Sea Grape (Coccoloba uvifera) Jelly

Sea Grape Jelly brings to mind grapes growing by the seaside but that is not the true picture. Instead  imagine a small tree (up to 30 ft. tall) loaded with bunches of green/purple fruit at the seaside.  The fruit is mostly seed  covered by some pulp. You can find this fruit in Texas from September through November. The leaves are large, glossy, and round. The tree is common in the American tropics near ocean beaches. Sea Grape is useful not only for jelly and jam making but also for stabilizing dunes. It is common in Florida and less so in the southern tip of Texas.

Most people go to the beach to frolic in the waves but I go to make jelly. While my wife and her sister were sitting in a hot tub enjoying a fall day at the beach, I tried to find as many of the bunches of sea grapes that I could. That is easier said than done because even though it was halfway through the time for the fruit, there were few ripe ones on the tree. Where were the ripe ones? Looking at the ground held the answer. Most of the ripe ones had fallen to the ground. The fruit does not fall as a bunch, rather falling one at a time. Therefore the ripe ones fall off, often helped by the birds who seem to flock to the tree. What was I going to do to get enough ripe fruit? An earlier experiment had told me that if I picked the fruit green they would eventually ripen off the plant. So I picked every bunch of fruit that had at least three or four ripe fruit on it. I did that with a pair of garden pruners. Then at the hotel that night I sorted through the bunches, picking out the ripe ones and placing them in their own bucket. I had picked three buckets of fruit and ended up with one bucket of ripe fruit. The other two buckets slowly ripened when I took them home. However, one bucket of fruit (8 cups) was enough to make a good batch of the tasty jelly.

After washing the fruit to remove salt, sand, and insects,  I measured out 8 cups of  ripe fruit to pour into my jelly making kettle. I added just enough water to cover the fruit. I then boiled it long enough for the fruit to change color and get soft. I mashed up the fruit with my potato masher, I then poured juice and pulp into my food mill which mashed up the fruit even more.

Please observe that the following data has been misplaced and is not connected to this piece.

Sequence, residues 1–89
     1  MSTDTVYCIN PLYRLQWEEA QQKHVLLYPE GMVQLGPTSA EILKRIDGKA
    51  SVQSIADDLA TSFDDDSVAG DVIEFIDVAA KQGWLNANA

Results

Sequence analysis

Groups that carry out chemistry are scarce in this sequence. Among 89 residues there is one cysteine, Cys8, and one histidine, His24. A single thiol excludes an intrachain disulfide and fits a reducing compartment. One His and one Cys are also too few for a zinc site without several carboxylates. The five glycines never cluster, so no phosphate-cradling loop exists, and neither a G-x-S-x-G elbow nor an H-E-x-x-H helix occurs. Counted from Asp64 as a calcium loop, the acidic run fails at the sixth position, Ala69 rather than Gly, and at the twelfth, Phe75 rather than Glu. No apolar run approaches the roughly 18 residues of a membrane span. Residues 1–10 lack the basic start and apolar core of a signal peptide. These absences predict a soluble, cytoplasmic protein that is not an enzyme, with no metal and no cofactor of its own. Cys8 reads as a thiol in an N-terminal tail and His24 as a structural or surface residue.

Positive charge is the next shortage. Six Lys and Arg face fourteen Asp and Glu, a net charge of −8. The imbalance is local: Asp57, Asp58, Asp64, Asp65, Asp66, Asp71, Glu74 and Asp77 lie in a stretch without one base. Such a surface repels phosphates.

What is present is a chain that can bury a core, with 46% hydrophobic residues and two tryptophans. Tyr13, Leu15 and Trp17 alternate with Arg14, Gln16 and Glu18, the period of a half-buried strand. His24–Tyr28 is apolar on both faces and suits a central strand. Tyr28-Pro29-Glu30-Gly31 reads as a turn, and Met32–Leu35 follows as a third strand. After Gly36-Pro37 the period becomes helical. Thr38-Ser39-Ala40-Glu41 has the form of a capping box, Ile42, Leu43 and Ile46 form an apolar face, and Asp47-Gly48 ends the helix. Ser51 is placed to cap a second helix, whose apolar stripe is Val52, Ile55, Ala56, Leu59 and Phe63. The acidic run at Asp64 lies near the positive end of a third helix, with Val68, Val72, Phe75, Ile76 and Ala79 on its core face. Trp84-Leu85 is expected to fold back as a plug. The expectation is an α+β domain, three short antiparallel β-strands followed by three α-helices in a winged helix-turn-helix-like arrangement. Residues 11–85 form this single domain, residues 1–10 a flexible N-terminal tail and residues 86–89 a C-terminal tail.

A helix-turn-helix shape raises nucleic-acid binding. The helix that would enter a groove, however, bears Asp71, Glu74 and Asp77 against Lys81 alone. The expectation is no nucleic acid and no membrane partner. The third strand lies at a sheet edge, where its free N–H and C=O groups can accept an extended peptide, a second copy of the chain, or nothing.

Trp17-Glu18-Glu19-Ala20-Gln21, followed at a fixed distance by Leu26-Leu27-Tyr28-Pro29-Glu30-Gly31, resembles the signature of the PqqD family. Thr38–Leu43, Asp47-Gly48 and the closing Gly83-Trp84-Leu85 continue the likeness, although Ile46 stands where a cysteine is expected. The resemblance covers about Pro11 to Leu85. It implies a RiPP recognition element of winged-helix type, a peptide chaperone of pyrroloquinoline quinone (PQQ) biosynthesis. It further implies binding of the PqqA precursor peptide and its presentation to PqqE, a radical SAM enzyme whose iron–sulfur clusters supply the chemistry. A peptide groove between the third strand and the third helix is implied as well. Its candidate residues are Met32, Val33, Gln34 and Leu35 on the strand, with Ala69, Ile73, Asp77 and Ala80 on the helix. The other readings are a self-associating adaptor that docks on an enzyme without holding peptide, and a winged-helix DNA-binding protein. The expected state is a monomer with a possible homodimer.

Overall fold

This last step could be skipped on this fruit since the pulp does not come off the seed very easily. I then poured the juice through a cheese cloth. This gave me a  juice that had a dark pink color. I then added the sugar, and then the  no sugar needed pectin. The addition of the sugar changed the jelly to an attractive red color. After letting the jelly cool slightly I poured it into freezer containers. After the jelly had cooled and jelled, I placed the jelly into my freezer.

Sea Grape Jelly Recipe

4 cups of Sea Grape juice

3 cups of sugar

1 pkg of no sugar needed pectin

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6 Responses to Sea Grape (Coccoloba uvifera) Jelly

  1. Marshall nance says:

    Thanks for sharing. I am 71, my mother made it every year. My favorite, guava is close second.
    Used to be able to buy sea grape but not lately.

    • I have come to realize that jellies, jelly making, fruit picking, or the whole process is all about memories. The memories of the first time we had a jelly, the time we accompanied our mother to pick dewberries or eating our mother’s Sea Grape jelly.
      I have seen lots of different kinds of jelly for sale but I admit I have not seen Sea Grape Jelly for sale.
      I am glad that we were able to bring back happy memories. That is what this all about for me.

  2. Tracy says:

    I am from Florida and love sea grapes. I didn’t know until I read it in a book about Early Pinellas County life that you could make jelly out of it and in that book it said with prickly pears so you Texans can try that as well. Anyway that’s when I decided to look it up and found this site. I wonder what it tastes like?

    • Tracy-
      What are the ways you have utilized sea grapes? Did you eat them fresh, cooked or in a jelly? Were you asking how cactus jelly tasted or were you asking how did the sea grape jelly taste? They both have unique tastes. The cactus jelly has a beautiful color unlike any other jelly. It is sort of a red-purple. The sea grapes make a red jelly. The sea grape does not have as much of a distinct flavor as the cactus jelly has. However, they both are great jellies. Interestingly enough prickly pear cactus is also native to the southern United States, including Florida. It is drought and heat tolerant. It does need a sunny, well-drained site. So if you don’t have any near you it should be possible to find some and plant it in your yard. In a short time you too will be able to have cactus fruit. And then you can make the cactus jelly. I have noticed that there are many places in Texas that sell cactus jelly.

  3. Nancy says:

    Thanks so much for this recipe, I am going to give it a go!

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